Ford C-Max hybrid is a recent arrival in Canada
September 13, 2013
by Tony Whitney
From the July-August 2013 print edition of Fleet Management
Ford’s C-MAX range of compact multi-purpose vehicles has been available in Europe and other markets since 2003, but this interesting Ford product is only a recent arrival in Canada, launched for the 2013 model year. It fills a significant gap in the Ford lineup and adds interest to a vehicle segment that’s not particularly well served in North America.
This second-generation C-MAX competes with rivals like the Mazda5 (which shares a similar platform), the Kia Rondo, the Chevrolet Orlando and several other products. The C-MAX does not have the sliding rear doors of the Mazda5, nor its three-row seating, but remains a vehicle of great versatility and considerable fleet potential, with both versions offering outstanding economy.
In world markets, the vehicle is offered with several power options including gasoline and diesel models. In Canada, Ford has aimed straight at the heart of the hybrid market by listing not only a conventional hybrid, but a plug-in hybrid too. There is no gasoline-only or diesel version for our market right now and no sign of one on the horizon.
At a glance:
Body Style: Four-door, compact van
Engine: 2L, 4-cylinder, plus electric motor
Performance: 0-100kmh in 9 seconds
Fuel economy: 4.3L/100km City; 4.7L/100km Hwy.
Price: MSRP $36,999
This road test was with a C-MAX Energi plug-in hybrid. There are two trim levels for the hybrid vehicle—SE and SEL—but the Energi plug-in comes only in SEL trim. This is a nicely styled four-door, five-place vehicle with a big rear hatch and a rear seat that folds flat so large loads can be carried when the need arises. There is a certain price to be paid on the cargo front thanks to the battery location, but it’s not too bad. It’s compact and easy to park, making it great for urban use, yet it’s very roomy inside and business users get most of the benefits of a larger van in a smaller package.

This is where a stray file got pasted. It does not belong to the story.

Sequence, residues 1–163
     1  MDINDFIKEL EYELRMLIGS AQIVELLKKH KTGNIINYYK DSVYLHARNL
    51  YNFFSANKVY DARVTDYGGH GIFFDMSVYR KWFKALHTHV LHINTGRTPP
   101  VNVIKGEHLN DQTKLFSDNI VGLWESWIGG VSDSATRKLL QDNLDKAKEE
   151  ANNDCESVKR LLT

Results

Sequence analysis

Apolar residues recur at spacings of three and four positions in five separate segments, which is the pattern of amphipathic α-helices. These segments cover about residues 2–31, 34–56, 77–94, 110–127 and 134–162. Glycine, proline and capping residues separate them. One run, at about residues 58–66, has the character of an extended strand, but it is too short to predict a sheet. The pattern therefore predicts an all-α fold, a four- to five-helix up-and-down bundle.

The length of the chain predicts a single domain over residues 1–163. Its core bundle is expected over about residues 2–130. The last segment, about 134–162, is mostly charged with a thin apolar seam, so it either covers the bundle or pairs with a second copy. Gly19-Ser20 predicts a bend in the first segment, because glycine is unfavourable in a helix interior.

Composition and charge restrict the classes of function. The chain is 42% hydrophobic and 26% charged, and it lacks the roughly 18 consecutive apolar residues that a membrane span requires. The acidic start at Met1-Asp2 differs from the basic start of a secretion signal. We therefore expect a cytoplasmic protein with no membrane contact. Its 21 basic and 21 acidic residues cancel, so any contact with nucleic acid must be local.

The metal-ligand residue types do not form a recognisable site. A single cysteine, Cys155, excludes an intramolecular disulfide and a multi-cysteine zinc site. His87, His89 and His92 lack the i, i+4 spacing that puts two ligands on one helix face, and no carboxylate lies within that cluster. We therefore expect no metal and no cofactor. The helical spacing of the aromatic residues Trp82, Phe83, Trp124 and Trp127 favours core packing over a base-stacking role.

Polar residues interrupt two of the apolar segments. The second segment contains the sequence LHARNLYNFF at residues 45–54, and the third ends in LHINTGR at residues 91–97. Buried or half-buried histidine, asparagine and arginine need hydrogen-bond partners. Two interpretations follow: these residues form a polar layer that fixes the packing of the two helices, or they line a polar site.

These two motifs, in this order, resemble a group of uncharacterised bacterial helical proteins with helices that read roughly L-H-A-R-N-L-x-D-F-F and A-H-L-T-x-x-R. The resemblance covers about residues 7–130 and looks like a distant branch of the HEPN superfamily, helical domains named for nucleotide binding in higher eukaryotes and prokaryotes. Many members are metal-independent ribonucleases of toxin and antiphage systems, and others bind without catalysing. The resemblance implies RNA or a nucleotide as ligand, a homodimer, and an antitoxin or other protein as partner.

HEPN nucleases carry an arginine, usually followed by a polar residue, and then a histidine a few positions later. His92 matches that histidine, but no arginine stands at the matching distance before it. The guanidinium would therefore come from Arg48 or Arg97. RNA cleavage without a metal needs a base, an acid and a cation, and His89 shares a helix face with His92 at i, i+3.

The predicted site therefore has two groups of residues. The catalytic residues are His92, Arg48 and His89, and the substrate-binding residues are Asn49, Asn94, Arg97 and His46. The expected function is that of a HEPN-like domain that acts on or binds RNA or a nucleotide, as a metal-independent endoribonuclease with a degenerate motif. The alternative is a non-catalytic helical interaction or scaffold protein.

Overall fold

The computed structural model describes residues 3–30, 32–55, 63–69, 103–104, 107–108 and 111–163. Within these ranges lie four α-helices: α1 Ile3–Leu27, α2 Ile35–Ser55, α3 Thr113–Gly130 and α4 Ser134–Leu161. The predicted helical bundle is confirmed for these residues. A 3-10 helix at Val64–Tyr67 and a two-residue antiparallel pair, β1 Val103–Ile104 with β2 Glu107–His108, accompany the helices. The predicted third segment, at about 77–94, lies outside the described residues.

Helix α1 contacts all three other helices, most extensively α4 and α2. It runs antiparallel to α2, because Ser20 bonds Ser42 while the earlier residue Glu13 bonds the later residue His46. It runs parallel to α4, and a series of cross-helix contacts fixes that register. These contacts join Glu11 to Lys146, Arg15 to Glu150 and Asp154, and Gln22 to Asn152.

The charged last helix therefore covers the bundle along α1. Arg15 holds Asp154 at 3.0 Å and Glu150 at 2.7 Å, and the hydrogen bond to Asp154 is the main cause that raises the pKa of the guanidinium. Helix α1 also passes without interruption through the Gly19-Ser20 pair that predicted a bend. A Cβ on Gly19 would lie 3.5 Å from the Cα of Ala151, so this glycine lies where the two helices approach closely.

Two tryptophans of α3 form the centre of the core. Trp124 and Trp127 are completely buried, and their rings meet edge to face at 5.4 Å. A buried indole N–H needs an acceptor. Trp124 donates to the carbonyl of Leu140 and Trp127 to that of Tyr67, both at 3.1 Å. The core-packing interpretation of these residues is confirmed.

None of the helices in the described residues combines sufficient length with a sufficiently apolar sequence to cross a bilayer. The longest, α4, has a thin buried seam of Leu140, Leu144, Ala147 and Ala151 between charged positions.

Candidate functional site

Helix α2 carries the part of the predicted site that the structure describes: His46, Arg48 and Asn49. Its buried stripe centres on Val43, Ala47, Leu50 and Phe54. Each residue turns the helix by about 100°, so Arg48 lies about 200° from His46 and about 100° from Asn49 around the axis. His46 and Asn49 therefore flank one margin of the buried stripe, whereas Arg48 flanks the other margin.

The nose treatment is a grille much like the one on the Fusion sedan. There are sporty-looking bulges around the wheel arches, though this is by no means a sporty vehicle. The wheels, with their cast alloy rims, fill these arches nicely and there’s no hint of those stance-ruining gaps some vehicles are cursed with. In all, it’s a fine looking rig, even if it is a little on the tall side.
Both C-MAX models use next-generation Ford powersplit technology and the company claims the vehicles offer electric mode at higher speeds than any other hybrid—135 kmh for the Energi with its 195-hp engine. Ford is aiming to match or better the economy levels of most rivals in the hybrid class. As with other hybrids and plug-in hybrids, the C-MAX uses a combination of gasoline engine and electric motor. Using a dash-mounted EV button, the driver can select one of three modes offering various levels of fuel conservation. The C-MAX can be operated either as all-gasoline (when a charge is needed), all electric (when the battery is topped up) or “normal” which brings in the hybrid system that switches from gasoline to electric automatically as dictated by conditions.